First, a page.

Weisswurst literally means “white sausage,” making it a favorite for intermediate-level German speakers with a crude sense of humor. The name comes from the fact that Weisswurst starts off as an off-white uncooked sausage made of finely minced veal and pork bacon. Created in Munich in 1857 by the young butcher Sepp Moser, this sausage was born when poor Sepp ran out of thick sausage skins and still had a hungry crowd to please. So he grabbed some thin casings and, after filling them with meat, he boiled them for 10 minutes to make them sturdier. The resulting tasty and delicate sausage instantly pleased the Bavarians, and it has been a specialty there ever since.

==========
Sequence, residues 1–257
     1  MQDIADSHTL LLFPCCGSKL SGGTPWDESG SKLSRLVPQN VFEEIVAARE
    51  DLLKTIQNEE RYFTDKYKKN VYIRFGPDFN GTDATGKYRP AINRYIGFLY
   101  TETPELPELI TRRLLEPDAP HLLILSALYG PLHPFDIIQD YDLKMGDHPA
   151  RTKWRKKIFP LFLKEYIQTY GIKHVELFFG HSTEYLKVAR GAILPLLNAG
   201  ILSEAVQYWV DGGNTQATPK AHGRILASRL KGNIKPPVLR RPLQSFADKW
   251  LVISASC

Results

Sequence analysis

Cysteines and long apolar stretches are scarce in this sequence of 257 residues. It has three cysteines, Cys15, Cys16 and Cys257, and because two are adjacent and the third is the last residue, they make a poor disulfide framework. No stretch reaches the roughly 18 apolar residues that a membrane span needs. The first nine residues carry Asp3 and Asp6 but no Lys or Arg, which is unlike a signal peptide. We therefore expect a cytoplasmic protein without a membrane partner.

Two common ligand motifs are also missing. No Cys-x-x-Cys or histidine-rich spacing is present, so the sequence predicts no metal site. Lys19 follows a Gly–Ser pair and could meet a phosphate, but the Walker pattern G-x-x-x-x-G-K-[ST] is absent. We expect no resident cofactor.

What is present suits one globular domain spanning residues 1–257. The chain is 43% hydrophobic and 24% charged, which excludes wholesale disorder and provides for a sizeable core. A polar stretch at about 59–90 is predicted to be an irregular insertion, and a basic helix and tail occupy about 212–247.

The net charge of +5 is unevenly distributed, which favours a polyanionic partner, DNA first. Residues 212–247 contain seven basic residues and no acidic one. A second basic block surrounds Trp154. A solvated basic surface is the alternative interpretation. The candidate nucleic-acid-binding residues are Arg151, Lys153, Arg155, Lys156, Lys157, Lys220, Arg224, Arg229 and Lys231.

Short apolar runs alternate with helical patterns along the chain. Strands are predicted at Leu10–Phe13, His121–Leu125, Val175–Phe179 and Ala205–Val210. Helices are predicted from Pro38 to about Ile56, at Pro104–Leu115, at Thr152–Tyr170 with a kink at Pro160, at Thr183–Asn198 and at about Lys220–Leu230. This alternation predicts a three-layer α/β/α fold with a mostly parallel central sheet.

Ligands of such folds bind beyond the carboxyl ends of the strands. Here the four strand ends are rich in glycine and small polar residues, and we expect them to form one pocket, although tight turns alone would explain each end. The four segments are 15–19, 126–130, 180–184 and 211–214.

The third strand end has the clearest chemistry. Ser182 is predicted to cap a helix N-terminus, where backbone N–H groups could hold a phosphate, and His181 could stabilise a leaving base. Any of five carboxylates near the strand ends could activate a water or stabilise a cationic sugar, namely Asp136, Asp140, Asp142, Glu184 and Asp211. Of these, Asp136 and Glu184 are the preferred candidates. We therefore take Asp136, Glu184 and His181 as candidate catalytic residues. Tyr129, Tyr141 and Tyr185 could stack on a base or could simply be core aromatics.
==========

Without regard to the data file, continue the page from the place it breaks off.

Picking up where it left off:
As a fragile and easily spoiled meat, Weisswurst should “never hear the noon bells.” You gotta make it and eat it in the same morning. It contains many spices, but the key ingredients (other than the meat) are lemon and parsley, which give it a punchy zest. After you peel the skin off of one of these babies, you should be able to taste those flavors just as much as the veal and bacon.
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